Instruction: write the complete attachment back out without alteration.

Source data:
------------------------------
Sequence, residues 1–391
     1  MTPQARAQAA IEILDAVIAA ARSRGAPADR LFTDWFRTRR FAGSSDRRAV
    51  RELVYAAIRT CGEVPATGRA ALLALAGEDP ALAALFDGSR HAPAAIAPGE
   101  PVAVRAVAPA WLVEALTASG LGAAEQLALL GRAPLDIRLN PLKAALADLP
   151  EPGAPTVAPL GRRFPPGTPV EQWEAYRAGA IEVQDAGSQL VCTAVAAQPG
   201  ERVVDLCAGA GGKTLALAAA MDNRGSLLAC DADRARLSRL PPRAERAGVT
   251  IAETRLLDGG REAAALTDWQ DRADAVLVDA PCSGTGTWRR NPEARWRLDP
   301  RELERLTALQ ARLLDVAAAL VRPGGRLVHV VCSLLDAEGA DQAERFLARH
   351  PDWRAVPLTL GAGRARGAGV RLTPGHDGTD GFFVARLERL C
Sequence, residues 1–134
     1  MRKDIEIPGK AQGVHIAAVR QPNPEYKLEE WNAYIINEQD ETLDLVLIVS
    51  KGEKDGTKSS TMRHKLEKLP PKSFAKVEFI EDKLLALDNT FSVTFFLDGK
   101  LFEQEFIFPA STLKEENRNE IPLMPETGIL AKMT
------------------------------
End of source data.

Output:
Sequence, residues 1–391
     1  MTPQARAQAA IEILDAVIAA ARSRGAPADR LFTDWFRTRR FAGSSDRRAV
    51  RELVYAAIRT CGEVPATGRA ALLALAGEDP ALAALFDGSR HAPAAIAPGE
   101  PVAVRAVAPA WLVEALTASG LGAAEQLALL GRAPLDIRLN PLKAALADLP
   151  EPGAPTVAPL GRRFPPGTPV EQWEAYRAGA IEVQDAGSQL VCTAVAAQPG
   201  ERVVDLCAGA GGKTLALAAA MDNRGSLLAC DADRARLSRL PPRAERAGVT
   251  IAETRLLDGG REAAALTDWQ DRADAVLVDA PCSGTGTWRR NPEARWRLDP
   301  RELERLTALQ ARLLDVAAAL VRPGGRLVHV VCSLLDAEGA DQAERFLARH
   351  PDWRAVPLTL GAGRARGAGV RLTPGHDGTD GFFVARLERL C
Sequence, residues 1–134
     1  MRKDIEIPGK AQGVHIAAVR QPNPEYKLEE WNAYIINEQD ETLDLVLIVS
    51  KGEKDGTKSS TMRHKLEKLP PKSFAKVEFI EDKLLALDNT FSVTFFLDGK
   101  LFEQEFIFPA STLKEENRNE IPLMPETGIL AKMT